Readings: Camera Head, Brain on Metaphors

Here are two excellent reads from this week:

1) “Sir, There’s a Camera in Your Head” [Wall Street Journal] – An Iraqi assistant professor in the photography and imaging department of NYU’s Tisch School of the Arts, Wafaa Bilal, intends to undergo surgery in coming weeks to install a camera on the back of his head. Why? It’s a commission by a museum in Qatar:

For one year, Mr. Bilal’s camera will take still pictures at one-minute intervals, then feed the photos to monitors at the museum. The thumbnail-sized camera will be affixed to his head through a piercing-like attachment.

Mr. Bilal’s camera-based work will be overseen by the Qatar Museums Authority where:

For one year, Mr. Bilal’s camera will take still pictures at one-minute intervals, then feed the photos to monitors at the museum. The thumbnail-sized camera will be affixed to his head through a piercing-like attachment.

It remains to be seen whether this project will see the light of day, as NYU administrators have raised privacy concerns (students being filmed without their consent/knowledge). Of course, Mr. Bilal isn’t new to controversial projects. In a 2008 project, Virtual Jihadi, Mr. Bilal hacked a video game to insert an avatar of himself as a suicide-bomber hunting President George W. Bush. In his 2007 work, Domestic Tension, Mr. Bilal trapped himself in a Chicago museum for a month, inviting the public to go to a website where they could “shoot” the artist remotely by firing a paintball gun at him. His other projects are interesting as well: Mona Lisa (the exploration of that enigmatic smile) and One Chair, based on Leonardo da Vinci’s The Last Supper.

2) “This is Your Brain on Metaphors” [New York Times] – this is a brilliant piece by Robert Sapolsky, a professor of Biology, Neurology and Neurosurgery at Stanford University. In this piece, Sapolsky explains how human brains are wired to understand metaphors surprisingly well. He explains:

Symbols, metaphors, analogies, parables, synecdoche, figures of speech: we understand them. We understand that a captain wants more than just hands when he orders all of them on deck. We understand that Kafka’s “Metamorphosis” isn’t really about a cockroach. If we are of a certain theological ilk, we see bread and wine intertwined with body and blood. We grasp that the right piece of cloth can represent a nation and its values, and that setting fire to such a flag is a highly charged act.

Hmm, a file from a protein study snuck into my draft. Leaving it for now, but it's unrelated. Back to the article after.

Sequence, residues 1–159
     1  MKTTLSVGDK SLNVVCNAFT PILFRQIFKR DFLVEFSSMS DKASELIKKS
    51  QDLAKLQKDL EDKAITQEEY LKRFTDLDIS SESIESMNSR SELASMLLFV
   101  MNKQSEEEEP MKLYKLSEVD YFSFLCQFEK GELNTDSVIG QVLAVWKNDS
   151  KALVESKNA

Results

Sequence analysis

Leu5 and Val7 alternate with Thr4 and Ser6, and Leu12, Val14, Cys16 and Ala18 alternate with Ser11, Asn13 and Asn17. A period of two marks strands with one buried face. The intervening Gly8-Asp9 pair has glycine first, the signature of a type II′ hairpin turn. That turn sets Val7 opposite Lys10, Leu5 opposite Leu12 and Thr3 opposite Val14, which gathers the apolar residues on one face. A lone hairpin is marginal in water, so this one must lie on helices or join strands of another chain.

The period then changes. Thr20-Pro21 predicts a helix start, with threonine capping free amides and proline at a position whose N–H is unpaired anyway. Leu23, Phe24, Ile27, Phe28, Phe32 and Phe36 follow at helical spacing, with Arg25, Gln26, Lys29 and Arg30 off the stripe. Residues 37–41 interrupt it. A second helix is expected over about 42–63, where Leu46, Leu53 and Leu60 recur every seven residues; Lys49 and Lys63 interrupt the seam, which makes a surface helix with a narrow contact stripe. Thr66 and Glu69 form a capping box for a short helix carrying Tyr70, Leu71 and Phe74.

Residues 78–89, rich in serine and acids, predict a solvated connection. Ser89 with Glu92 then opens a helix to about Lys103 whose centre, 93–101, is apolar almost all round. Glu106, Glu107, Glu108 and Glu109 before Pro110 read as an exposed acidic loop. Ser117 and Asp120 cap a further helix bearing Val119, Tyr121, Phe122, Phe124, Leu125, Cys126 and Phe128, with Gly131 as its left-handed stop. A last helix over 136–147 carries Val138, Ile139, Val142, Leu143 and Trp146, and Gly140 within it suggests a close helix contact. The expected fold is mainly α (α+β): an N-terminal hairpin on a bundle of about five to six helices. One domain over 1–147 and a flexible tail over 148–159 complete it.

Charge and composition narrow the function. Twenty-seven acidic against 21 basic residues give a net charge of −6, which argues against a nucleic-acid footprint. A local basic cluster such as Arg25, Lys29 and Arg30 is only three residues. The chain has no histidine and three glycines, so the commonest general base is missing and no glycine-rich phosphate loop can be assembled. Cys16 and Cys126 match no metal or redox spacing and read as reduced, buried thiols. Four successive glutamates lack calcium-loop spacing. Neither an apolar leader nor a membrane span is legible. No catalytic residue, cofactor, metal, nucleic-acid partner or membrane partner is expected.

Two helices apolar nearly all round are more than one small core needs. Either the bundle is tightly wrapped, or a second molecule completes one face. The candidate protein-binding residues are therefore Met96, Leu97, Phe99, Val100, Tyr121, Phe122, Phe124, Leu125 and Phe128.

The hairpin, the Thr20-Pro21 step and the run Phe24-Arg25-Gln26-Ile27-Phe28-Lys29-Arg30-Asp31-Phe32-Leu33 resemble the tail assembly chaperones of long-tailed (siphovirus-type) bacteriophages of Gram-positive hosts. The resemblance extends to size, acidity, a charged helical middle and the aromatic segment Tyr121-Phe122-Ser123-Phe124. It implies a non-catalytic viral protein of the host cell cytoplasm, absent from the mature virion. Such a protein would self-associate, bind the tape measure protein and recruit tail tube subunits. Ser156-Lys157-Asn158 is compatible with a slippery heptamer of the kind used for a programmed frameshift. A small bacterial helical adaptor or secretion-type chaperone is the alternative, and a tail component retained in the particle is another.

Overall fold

It’s interesting how our brains can be primed with sensory inputs, such as touch. For instance, I found this remarkable:

Volunteers were asked to evaluate the resumes of supposed job applicants where, as the critical variable, the resume was attached to a clipboard of one of two different weights. Subjects who evaluated the candidate while holding the heavier clipboard tended to judge candidates to be more serious, with the weight of the clipboard having no effect on how congenial the applicant was judged. After all, we say things like “weighty matter” or “gravity of a situation.”

The question is: knowing this information, how can you use it to your advantage in daily life? Next time you want someone to consider your question or idea, perhaps give them a cup of coffee or some item to hold while explaining yourself. Of course, now that you’ve read about this effect, you may be more attuned to it so that it doesn’t play as large a factor in your future decisions (I hope).

Perhaps the most interesting study profiled is that on cleanliness:

Another truly interesting domain in which the brain confuses the literal and metaphorical is cleanliness. In a remarkable study, Chen-Bo Zhong of the University of Toronto and Katie Liljenquist of Northwestern University demonstrated how the brain has trouble distinguishing between being a dirty scoundrel and being in need of a bath. Volunteers were asked to recall either a moral or immoral act in their past. Afterward, as a token of appreciation, Zhong and Liljenquist offered the volunteers a choice between the gift of a pencil or of a package of antiseptic wipes. And the folks who had just wallowed in their ethical failures were more likely to go for the wipes.

Sapolsky’s piece is one of the best short expositions I’ve read explaining how our brains are wired; the references to every day situations are particularly interesting. If you’re into neuroscience and want to learn more about the forces in our lives that shape our decisions, I cannot recommend Dan Ariely’s Predictably Irrational enough. It’s one of the best books I’ve read this year.

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